Shot in the Dominican Republic and in Haiti, Louis Henderson’s film « The Sea Is History », presented within his exhibition Kinesis, is adapted from a poem by Caribbean poet Derek Walcott (1930-2017).
The Sea Is History
by Derek Walcott
Where are your monuments, your battles, martyrs?
Where is your tribal memory? Sirs,
in that gray vault. The sea. The sea
has locked them up. The sea is History.
First, there was the heaving oil,
heavy as chaos;
then, like a light at the end of a tunnel,
the lantern of a caravel,
and that was Genesis.
Then there were the packed cries,
the shit, the moaning:
Bone soldered by coral to bone,
mantled by the benediction of the shark’s shadow,
that was the Ark of the Covenant.
Then came the plucked wires
of sunlight on the sea floor
the plangent harps of the Babylonian bondage,
as the white cowries clustered like manacles
on the drowned women,
and those were the ivory bracelets
of the Song of Solomon,
but the ocean kept turning blank pages,
looking for History.
Then came the men with eyes heavy as anchors,
who sank without tombs,
brigands who barbecued cattle,
leaving their charred ribs like palm leaves on the shore,
then the foaming, rabid maw
of the tidal wave swallowing Port Royal,
and that was Jonah,
but where is your Renaissance?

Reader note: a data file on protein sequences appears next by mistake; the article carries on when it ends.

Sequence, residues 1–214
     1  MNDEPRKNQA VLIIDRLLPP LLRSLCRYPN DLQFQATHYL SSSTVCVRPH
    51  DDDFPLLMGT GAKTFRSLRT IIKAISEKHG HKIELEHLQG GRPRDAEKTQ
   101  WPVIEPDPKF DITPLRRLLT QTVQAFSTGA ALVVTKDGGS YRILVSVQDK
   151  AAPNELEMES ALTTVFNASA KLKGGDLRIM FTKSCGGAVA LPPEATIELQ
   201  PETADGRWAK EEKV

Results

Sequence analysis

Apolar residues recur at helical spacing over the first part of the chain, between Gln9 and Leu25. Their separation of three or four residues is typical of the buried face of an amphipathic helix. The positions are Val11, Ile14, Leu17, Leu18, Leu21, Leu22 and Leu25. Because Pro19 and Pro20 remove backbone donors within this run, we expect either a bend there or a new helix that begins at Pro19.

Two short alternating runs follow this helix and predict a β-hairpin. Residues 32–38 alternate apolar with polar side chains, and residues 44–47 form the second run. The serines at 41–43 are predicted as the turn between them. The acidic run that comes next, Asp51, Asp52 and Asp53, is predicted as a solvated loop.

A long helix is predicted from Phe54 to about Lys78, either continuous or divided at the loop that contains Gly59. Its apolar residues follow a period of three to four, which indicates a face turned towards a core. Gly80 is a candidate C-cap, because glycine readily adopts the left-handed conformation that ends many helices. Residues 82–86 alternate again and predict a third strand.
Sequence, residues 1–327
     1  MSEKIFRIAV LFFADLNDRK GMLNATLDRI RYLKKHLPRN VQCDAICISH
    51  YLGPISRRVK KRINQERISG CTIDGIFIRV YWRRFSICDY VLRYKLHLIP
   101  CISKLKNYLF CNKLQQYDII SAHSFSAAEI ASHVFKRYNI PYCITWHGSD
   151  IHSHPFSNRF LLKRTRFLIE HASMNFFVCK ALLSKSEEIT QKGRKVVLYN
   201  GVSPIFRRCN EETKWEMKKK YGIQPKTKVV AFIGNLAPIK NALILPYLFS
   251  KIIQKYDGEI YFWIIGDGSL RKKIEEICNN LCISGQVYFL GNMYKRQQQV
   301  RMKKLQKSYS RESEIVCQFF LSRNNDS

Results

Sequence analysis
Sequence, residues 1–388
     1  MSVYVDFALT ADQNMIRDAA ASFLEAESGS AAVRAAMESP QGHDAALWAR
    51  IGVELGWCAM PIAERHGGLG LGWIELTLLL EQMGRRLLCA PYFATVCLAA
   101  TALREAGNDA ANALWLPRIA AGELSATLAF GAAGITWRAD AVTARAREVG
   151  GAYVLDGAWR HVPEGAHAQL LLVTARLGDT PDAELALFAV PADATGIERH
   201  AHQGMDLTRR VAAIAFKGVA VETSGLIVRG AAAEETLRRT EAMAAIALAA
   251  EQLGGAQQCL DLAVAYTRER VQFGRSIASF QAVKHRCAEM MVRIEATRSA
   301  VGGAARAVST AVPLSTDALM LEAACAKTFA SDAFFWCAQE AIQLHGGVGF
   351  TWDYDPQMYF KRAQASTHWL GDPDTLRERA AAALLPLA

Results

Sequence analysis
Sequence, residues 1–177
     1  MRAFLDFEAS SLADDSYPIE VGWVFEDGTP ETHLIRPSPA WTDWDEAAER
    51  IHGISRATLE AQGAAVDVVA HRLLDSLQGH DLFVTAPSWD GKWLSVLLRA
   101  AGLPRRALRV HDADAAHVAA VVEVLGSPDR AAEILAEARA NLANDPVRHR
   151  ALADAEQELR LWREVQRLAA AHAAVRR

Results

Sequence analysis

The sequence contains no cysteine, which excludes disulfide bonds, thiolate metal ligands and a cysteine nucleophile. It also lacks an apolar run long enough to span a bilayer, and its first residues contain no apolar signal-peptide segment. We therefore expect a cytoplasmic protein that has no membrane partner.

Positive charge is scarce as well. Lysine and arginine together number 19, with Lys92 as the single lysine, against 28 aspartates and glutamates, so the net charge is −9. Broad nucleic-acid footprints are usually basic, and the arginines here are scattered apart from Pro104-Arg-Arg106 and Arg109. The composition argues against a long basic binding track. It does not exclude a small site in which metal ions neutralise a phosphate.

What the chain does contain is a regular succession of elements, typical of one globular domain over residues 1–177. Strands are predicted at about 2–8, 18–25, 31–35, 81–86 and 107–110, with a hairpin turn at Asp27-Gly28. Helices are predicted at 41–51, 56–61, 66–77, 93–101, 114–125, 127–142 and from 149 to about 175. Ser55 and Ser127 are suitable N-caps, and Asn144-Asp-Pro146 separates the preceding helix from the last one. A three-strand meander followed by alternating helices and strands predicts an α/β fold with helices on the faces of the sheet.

Sir, it is locked in them sea sands
out there past the reef’s moiling shelf,
where the man-o’-war floated down;
strop on these googles, I’ll guide you there myself.
It’s all subtle and submarine,
through colonnades of coral,
past the gothic windows of sea fans
to where the crusty grouper, onyx-eyed,
blinks, weighted by its jewels, like a bald queen;
and these groined caves with barnacles
pitted like stone
are our cathedrals,
and the furnace before the hurricanes:
Gomorrah. Bones ground by windmills
into marl and cornmeal,
and that was Lamentations —
that was just Lamentations,
it was not History;
then came, like scum on the river’s drying lip,
the brown reeds of villages
mantling and congealing into towns,
and at evening, the midges’ choirs,
and above them, the spires
lancing the side of God
as His Son set, and that was the New Testament.
Then came the white sisters clapping
to the waves’ progress,
and that was Emancipation —
jubilation, O jubilation —
as the sea’s lace dries in the sun,
but that was not History,
that was only faith,
and then each rock broke into its own nation;
then came the synod of flies,
then came the secretarial heron,
then came the bullfrog bellowing for a vote,
fireflies with bright ideas,
and bats like jetting ambassadors
and the mantis, like khaki police,
and the furred caterpillars of judges
examining each case closely,
and then in the dark ears of ferns
and in the salk chuckle of rocks
with their sea pools, there was the sound
like a rumor without any echo
of History, really beginning.
Première parution dans The Star-Apple Kingdom (1979).
Traduit par Claire Malroux dans Le royaume du fruit-étoile (éditions Circé, 1992).